Demos and Videos

Visual Target Tracking with a parallel visual processor

Quadrotor tracking visual target using SCAMP. The SCAMP returns just the bounding box (x,y,height,width) of the target location in the image plane. The onboard controller fuses this information with the IMU and height data to calculate the distance to the target.

Conference Video "Tracking control of a UAV with a parallel visual processor"

Visual Odometry with a Pixel Processor Array

Details and link to paper to follow

Feature Extraction


This work demonstrates high-speed low-power feature extraction implemented on a portable vision system based on the SCAMP-5 vision chip. This embedded system executes a parallelized FAST16 corner detection algorithm on the vision chip’s programmable on-focal-plane processor array to detect the corner points in the current image frame. The coordinates of these corner points are then extracted using the vision chip’s event address readout infrastructure. These coordinates, as sparse data, can then be output through any of the IO buses within the micro-controller in the vision system at low latency. The USB-powered (400mA) system is capable of outputting 250 features at 2300 frames per second (FPS) in ideal lighting conditions, while 1000 FPS can be achieved in an indoor environment. The system can be applied to the real-time control of agile robots and miniature aerial vehicles.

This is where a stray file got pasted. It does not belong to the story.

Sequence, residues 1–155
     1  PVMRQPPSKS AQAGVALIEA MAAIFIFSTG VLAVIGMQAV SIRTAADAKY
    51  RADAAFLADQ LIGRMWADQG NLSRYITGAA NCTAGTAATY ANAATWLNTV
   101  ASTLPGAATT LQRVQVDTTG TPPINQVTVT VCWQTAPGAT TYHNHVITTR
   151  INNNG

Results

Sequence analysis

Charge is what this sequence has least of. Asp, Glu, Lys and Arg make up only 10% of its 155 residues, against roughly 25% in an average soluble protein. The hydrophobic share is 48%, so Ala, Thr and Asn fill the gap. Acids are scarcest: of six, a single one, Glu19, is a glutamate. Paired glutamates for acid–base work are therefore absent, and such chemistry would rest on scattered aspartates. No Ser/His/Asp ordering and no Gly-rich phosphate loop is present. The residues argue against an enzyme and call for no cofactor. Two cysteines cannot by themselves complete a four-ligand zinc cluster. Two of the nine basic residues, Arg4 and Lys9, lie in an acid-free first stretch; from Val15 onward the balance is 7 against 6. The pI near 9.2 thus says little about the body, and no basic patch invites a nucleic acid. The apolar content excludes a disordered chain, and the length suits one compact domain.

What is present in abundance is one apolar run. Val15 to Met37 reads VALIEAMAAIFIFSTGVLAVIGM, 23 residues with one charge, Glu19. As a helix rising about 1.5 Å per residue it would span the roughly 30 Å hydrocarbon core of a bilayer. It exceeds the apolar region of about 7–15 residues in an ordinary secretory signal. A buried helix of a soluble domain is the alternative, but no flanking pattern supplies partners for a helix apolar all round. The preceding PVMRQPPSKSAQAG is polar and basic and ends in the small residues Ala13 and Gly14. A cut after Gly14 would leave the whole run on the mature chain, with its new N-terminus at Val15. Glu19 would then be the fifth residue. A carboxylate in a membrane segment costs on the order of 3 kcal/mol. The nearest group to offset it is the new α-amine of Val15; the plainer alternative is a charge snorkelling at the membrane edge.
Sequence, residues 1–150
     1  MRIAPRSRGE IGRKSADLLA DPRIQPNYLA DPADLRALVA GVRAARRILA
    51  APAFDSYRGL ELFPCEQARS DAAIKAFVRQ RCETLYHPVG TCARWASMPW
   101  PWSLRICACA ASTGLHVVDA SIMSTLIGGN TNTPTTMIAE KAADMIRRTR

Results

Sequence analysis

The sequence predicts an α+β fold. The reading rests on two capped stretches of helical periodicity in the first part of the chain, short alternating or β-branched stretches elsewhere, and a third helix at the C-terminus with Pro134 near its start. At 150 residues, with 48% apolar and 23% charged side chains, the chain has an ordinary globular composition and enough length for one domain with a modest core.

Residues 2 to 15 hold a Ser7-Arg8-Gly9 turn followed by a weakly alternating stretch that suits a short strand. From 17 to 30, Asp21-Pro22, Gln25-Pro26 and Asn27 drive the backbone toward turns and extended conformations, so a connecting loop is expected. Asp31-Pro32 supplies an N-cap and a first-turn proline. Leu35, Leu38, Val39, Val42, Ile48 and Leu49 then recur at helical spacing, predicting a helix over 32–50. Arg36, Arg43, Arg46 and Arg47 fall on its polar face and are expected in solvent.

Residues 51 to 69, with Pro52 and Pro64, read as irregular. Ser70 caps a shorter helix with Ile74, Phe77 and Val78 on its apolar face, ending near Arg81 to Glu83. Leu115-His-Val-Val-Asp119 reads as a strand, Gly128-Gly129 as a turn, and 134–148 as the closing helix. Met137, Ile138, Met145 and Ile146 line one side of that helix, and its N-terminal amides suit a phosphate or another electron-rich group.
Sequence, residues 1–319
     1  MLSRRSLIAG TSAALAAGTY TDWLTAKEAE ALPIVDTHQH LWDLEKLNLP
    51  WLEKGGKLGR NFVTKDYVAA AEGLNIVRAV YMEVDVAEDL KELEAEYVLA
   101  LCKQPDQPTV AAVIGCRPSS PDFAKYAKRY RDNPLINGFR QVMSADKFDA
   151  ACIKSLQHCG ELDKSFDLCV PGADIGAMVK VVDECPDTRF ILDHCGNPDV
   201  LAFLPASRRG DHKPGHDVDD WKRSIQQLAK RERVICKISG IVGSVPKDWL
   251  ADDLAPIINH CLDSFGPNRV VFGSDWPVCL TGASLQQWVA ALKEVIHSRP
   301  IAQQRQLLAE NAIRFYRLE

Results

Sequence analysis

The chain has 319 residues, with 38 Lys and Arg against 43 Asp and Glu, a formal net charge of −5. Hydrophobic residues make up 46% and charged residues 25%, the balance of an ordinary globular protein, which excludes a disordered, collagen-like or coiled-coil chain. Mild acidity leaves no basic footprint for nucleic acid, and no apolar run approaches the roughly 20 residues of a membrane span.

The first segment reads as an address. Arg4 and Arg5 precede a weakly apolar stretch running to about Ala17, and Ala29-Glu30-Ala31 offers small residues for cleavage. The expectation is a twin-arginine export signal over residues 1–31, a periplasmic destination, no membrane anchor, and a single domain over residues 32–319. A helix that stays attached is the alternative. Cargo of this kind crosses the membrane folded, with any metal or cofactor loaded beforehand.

High Dynamic Range

Varying light levels across the image can make it difficult to see detail throughout the scene. SCAMP is capable of producing an HDR image prior to processing other vision algorithms to help deal with difficult lighting conditions.

The two images on the left show two extremes, first where the bright areas are properly exposed, the second where the darker areas are exposed.

Edge Detection

Visual image captured by SCAMP

Edge detection returned by SCAMP

Info about edge detection to follow

Image Scaling and Rotation

Details to follow

Tracking at 100,000 Frames Per Second

The SCAMP chip has been exploited to conduct real-time image processing operations at 100,000fps, locating a closed-shape object from amongst clutter. Further detail on this work is presented here: